U.S. Department of Transportation
Federal Highway Administration
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Federal Highway Administration Research and Technology
Coordinating, Developing, and Delivering Highway Transportation Innovations
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Publication Number: FHWA-RD-03-065
Date: September 2004
In-Vehicle Display Icons and Other Information Elements: Volume I
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CHAPTER 13: ACKNOWLEDGMENTS
These human factors design guidelines for in-vehicle display icons are the product of nearly 5 years of investigation into human factors design issues and driver requirements for in-vehicle icons and symbols. Although four authors are identified with this document, development of these preliminary guidelines has required the participation of many dedicated individuals.
In particular, the authors would like to express their sincere gratitude to Dr. Tom Granda, our current FHWA Contracting Officer's Technical Representative (COTR), for this project, as well as to Chris Monk, Maureen Hunter, and Ron Hoffman of SAIC for their tireless assistance during the conduct of this project. The direction, feedback, and advice provided by our FHWA/SAIC colleagues on this effort have been both timely and invaluable.
We are also grateful for the direct assistance in the development of this handbook provided by Dr. Steve Casey, of Ergonomics System Design, Inc., and by our colleague, Ozgur Simsek. Dr. Casey was responsible for much of the development of the Sensory Modality Design Tool presented in chapter 10, while Ms. Simsek wrote most of the evaluation/statistical tutorial presented in chapter 9.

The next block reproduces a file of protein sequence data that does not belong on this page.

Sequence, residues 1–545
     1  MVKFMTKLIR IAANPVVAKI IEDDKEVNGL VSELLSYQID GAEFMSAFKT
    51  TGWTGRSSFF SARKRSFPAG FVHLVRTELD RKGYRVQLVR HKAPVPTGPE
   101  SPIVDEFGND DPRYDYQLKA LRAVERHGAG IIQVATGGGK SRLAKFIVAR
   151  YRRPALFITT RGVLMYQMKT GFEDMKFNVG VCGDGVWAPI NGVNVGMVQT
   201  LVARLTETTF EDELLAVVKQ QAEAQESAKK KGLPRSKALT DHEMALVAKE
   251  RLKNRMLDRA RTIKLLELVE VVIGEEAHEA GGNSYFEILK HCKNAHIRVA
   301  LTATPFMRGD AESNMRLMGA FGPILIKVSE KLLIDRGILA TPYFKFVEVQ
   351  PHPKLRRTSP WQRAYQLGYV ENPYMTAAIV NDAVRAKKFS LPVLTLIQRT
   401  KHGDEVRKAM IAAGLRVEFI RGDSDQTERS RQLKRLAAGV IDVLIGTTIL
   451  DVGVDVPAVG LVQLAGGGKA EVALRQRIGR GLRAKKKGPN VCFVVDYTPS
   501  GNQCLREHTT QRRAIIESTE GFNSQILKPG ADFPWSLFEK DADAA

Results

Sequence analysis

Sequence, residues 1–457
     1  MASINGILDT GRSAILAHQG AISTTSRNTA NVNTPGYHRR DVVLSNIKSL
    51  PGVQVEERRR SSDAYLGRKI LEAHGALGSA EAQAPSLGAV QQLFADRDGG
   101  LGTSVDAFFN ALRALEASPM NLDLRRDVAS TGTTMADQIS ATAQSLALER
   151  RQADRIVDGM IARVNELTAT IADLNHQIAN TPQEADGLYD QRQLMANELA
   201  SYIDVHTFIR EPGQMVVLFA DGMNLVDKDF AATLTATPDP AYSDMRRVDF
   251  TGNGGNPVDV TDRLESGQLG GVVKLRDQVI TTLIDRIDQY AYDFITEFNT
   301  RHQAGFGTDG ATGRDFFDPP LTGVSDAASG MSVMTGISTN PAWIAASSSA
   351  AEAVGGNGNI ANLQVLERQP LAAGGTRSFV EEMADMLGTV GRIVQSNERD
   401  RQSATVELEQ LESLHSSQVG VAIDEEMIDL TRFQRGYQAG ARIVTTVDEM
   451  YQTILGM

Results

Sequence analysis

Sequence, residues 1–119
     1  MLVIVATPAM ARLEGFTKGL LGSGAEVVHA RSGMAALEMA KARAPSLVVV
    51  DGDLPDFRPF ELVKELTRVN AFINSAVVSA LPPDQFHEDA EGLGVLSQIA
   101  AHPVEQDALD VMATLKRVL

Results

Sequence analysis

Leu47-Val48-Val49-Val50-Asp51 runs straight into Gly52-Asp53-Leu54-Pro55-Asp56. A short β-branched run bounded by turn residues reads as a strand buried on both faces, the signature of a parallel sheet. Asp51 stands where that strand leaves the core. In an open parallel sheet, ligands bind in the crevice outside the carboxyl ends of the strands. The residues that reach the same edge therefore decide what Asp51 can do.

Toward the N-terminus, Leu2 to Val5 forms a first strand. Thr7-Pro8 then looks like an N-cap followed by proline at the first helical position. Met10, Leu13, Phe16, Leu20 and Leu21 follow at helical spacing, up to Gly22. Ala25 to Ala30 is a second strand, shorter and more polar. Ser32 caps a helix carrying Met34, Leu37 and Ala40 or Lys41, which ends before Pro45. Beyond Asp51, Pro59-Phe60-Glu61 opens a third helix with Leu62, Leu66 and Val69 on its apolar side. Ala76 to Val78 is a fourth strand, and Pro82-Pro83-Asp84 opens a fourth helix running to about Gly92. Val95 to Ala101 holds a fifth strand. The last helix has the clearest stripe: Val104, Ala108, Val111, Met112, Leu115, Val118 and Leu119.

We give additional thanks to graduate assistants Dawn Marshall, Andrea Tawil, Emily Wiese, and Mahesh Chandramouli of The University of Iowa, and to Elizabeth Mitchell, a former graduate assistant here at Battelle. Each of these individuals spent countless hours searching the internet and other commercial and government sources for potential icons and symbols to be included in the icon collection. Also, Kristi Schmidt of the University of Iowa contributed to the Icon research conducted during a summer internship at Battelle; her assistance is greatly appreciated.
We would also like to thank our support staff, Mary Winter, Sharon Groves and Judy Panjeti, for their hard work and resourcefulness during the development of the guidelines.
We owe a special thanks and debt of gratitude to the 38 researchers, designers, and developers of transportation systems who agreed to be members of our Project Working Group1 and who volunteered their time to help make this guideline handbook more relevant and useful. We greatly appreciate all the time, expertise, and insight this talented group of people has shared with us during the conduct of his project. Specifically, we wish to thank: